As expect­ed, the video qual­i­ty is real­ly gor­geous and crisp. How­ev­er, one down­side to this release is that the sub­ti­tles are encod­ed as hard­subs, pos­si­bly as an extra coun­ter­mea­sure to keep Japan­ese fans from try­ing to get their hands on our cheap­er release. If you’re sim­ply watch­ing the show, do not under­stand Japan­ese (this is only in Japan­ese, so no Eng­lish dub for those who enjoy them), and are watch­ing it sub­ti­tled any­way, it’s no big deal. But if you want the show in its orig­i­nal raw for­mat, then the sub­ti­tles will prob­a­bly be redun­dant and dis­tract­ing. Per­son­al­ly, I feel that sub­ti­tled screen­shots are the worst screen­shots to take of such beau­ti­ful frames because they detract from the art­work (as sort of an irony, I was plan­ning on tak­ing my usu­al screen­shots of this set, but my com­put­er lacks a Blu-ray play­er). Also, the sub­ti­tles make use of Japan­ese hon­orifics, so if you’re one of those nuts that goes crazy about words and seman­tics not being ful­ly local­ized into “prop­er” Eng­lish (i.e. san —>Mr./Mrs.), then it might make your head spin. Thank­ful­ly I’m not.

Over­all, as long as you’re a fan of Yuru Yuri (it has a cult fol­low­ing for a rea­son!) and don’t mind not being able to turn off the sub­ti­tles, I’d say this is mon­ey well worth spend­ing. There’s noth­ing wrong with the video/audio (noth­ing could be worse than the BS FUNi­ma­tion has pulled with their Orange Bricks set for the Drag­on Ball series, besides the self-explana­to­ry 4Kids) and it receives the good ol’ NISA TLC in regards to being a pre­mi­um edi­tion boxset. I’m look­ing for­ward to pur­chas­ing the sec­ond sea­son boxset that’s com­ing out sev­er­al days after New Years, espe­cial­ly since the sec­ond sea­son con­tained some of my favorite episodes.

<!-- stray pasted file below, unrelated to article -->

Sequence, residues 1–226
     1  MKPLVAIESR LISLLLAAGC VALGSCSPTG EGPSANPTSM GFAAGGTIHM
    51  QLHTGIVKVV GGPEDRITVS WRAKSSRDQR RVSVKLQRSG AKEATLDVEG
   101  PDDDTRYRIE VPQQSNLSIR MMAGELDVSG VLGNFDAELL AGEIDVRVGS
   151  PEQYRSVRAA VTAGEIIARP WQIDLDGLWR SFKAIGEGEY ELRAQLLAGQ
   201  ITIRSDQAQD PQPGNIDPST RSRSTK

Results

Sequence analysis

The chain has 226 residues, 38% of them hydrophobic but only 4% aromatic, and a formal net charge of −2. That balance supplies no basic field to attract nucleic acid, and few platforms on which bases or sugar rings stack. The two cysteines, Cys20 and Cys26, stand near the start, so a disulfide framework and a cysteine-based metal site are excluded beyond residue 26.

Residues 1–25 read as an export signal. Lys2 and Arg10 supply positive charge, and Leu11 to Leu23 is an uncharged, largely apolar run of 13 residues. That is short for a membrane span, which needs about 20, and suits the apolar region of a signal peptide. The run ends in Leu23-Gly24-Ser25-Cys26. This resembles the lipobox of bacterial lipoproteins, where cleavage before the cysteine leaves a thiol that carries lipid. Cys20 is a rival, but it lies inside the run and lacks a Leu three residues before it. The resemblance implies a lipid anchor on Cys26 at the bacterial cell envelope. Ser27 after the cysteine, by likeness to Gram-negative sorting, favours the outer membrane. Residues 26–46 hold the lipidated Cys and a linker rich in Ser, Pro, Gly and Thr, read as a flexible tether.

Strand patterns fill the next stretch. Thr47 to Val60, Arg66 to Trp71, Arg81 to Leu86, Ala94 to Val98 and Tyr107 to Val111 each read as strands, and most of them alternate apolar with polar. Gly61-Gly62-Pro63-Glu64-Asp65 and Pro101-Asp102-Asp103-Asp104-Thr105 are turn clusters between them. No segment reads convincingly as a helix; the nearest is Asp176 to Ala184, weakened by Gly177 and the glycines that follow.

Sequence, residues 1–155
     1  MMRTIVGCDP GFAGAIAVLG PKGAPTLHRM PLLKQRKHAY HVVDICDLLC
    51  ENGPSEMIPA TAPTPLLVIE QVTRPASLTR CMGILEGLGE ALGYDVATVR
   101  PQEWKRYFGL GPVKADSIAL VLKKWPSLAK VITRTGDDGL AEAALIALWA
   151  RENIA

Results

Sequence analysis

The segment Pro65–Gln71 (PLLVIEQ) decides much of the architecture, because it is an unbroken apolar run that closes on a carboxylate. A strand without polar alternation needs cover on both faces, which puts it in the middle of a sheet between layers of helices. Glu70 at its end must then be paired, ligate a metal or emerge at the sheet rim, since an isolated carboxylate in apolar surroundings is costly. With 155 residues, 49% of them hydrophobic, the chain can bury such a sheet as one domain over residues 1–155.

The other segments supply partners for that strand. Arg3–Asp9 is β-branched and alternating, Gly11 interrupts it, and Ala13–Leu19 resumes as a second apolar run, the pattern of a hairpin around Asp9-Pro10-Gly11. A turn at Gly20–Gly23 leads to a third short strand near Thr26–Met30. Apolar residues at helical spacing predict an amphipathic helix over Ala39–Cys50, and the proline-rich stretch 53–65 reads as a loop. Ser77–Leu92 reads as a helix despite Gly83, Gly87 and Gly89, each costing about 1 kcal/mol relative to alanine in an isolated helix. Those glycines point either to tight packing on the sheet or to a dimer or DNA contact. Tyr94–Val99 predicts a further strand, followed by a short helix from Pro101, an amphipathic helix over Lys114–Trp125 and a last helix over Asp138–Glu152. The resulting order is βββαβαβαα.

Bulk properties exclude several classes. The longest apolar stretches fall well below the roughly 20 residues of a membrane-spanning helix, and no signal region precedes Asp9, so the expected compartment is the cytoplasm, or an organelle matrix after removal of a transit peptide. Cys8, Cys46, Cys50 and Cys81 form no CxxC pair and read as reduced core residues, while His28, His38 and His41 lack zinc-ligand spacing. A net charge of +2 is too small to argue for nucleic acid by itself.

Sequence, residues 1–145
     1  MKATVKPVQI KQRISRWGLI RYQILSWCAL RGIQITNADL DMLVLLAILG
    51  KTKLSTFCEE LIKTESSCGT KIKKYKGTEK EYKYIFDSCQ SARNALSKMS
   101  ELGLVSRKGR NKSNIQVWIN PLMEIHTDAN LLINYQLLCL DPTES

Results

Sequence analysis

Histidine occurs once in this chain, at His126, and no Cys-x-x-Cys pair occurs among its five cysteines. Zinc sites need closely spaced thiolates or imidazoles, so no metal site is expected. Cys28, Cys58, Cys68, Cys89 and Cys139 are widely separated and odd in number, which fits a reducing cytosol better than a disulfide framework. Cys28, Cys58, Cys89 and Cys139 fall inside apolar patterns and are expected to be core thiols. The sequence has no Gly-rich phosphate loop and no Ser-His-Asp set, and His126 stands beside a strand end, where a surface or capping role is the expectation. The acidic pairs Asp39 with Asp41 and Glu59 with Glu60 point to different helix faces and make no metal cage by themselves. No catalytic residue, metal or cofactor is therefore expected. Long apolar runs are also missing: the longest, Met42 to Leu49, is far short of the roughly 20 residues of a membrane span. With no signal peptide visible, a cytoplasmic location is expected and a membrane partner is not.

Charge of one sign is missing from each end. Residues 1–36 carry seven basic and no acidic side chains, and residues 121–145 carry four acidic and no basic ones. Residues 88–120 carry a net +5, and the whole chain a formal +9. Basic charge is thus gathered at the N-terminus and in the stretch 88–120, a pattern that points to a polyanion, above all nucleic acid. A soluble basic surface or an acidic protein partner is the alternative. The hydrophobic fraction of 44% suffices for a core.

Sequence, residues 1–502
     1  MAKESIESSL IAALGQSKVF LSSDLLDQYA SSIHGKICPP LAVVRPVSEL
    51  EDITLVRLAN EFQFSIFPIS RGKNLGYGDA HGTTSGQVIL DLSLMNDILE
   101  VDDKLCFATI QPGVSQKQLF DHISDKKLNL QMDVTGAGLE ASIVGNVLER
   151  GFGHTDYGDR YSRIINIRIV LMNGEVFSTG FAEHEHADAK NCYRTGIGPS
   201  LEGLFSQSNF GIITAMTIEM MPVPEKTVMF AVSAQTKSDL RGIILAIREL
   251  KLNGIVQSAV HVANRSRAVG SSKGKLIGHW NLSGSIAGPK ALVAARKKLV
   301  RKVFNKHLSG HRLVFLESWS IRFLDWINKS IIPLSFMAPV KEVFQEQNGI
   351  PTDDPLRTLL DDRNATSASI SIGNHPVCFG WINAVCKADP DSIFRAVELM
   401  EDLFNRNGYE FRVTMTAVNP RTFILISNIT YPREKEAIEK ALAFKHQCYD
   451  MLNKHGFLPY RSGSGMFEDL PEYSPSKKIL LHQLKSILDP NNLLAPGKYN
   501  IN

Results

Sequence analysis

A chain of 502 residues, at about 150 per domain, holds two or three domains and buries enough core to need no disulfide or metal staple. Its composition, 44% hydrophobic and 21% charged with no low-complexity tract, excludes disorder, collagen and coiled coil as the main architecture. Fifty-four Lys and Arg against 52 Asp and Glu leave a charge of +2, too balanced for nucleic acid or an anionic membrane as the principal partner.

Tan­gent: Keep up the good work, NISA. Keep doing what you do best. Even if you got some unrea­son­able dub “fans” on your back for not pro­vid­ing expen­sive Eng­lish dubs for niche ani­me series.

Doesn't know who Sugita is

Like this guy. who some­how has nev­er heard of Tomokazu Sugi­ta (hrm). To be hon­est, I’d rather them releas­ing a neat art­book with extra mate­r­i­al we would­n’t get oth­er­wise to them pro­duc­ing an alter­nate lan­guage track that would cater to a wider audi­ence rather than just exist­ing fans (sounds so mon­ey-grab­bing, right? Oh please).